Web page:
Is Hamlet the Longest US Film Ever?

News   Is Hamlet the Longest US Film Ever?
 
Theatre trivia fans will want to check their watches when they go in to see Kenneth Branagh's film version of William Shakespeare's Hamlet starting Dec. 25. There's no doubt that it's a long movie based on a long play. But a dispute has erupted over precisely how long the film is.

Theatre trivia fans will want to check their watches when they go in to see Kenneth Branagh's film version of William Shakespeare's Hamlet starting Dec. 25. There's no doubt that it's a long movie based on a long play. But a dispute has erupted over precisely how long the film is.

Variety newspaper reports that Columbia, which is distributing the picture, claims the film is 238 minutes long. But Daily Variety's chief critic Todd McCarthy clocked it at 242 minutes. Another Variety critic, Derek Elley, counted 246 minutes.

If Elley is correct, that would mean that Hamlet will make movie history as the longest U.S. or British sound film ever released -- longer even than Cleopatra, reportedly the current record-holder at 243 minutes.

For the math-shy, that's four hours and three minutes. Add the planned intermission and you have a full evening of poetry and drama.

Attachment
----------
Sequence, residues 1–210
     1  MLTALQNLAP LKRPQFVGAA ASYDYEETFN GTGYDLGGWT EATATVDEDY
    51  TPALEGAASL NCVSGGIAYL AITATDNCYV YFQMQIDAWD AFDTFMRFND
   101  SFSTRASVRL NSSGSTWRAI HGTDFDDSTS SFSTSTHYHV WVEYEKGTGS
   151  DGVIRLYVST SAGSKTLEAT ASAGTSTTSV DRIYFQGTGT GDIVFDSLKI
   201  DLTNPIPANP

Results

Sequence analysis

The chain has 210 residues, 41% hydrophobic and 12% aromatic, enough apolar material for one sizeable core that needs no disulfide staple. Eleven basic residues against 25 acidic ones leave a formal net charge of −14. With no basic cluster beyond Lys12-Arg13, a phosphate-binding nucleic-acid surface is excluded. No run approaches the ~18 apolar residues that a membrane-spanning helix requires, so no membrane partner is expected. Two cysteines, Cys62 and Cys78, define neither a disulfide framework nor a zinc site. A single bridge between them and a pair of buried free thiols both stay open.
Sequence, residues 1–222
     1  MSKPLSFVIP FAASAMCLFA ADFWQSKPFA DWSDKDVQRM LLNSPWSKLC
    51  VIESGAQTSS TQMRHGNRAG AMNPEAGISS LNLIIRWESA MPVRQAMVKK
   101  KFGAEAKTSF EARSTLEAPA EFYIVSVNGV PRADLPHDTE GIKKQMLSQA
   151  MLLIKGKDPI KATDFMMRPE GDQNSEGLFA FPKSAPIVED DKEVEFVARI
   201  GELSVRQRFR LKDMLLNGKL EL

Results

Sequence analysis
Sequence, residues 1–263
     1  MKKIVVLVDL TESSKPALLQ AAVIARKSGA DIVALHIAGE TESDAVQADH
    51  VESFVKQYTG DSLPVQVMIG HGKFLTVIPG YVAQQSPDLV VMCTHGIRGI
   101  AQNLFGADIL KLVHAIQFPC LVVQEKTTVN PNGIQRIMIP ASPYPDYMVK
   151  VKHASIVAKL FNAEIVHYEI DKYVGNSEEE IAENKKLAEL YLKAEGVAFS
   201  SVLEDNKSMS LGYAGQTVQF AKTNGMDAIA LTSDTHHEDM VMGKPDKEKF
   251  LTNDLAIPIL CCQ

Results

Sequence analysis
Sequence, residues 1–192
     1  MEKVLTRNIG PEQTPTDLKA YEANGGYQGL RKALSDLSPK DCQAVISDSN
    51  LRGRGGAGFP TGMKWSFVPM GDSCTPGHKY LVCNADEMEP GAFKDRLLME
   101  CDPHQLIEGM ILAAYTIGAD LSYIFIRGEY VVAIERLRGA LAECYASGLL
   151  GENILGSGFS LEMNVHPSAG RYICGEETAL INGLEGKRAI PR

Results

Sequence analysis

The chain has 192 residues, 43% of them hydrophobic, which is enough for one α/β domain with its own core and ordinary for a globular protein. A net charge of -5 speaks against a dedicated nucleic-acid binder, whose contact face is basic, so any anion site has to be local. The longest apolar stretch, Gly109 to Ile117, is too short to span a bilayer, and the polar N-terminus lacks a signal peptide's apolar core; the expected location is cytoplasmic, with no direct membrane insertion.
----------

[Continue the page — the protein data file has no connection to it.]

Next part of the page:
Hamlet is Shakespeare's longest play and the character of Hamlet has more lines than any other single Shakespearean character. It's usually cut for stage performance, but Branagh insisted on filming virtually the entire script. According to Leonard Maltin's Movie & Video Guide, the 1990 Mel Gibson Hamlet ran 135 minutes; Nichol Williamson's 1969 Hamlet ran only 114 minutes; Laurence Olivier's famous 1948 version ran 153 minutes.

Cinema operators reportedly are unhappy that they'll be able to fill their theatres only once per night, but hope to make up the difference at the snack bars during the intermission.

Despite earlier reports, distributor Castle Rock has decided not to release a trimmed two and a half-hour version to theatres outside New York and Los Angeles, though the shorter version will be shown on airplanes, TV and in foreign markets, according to the New York Post.

-- By Robert Viagas

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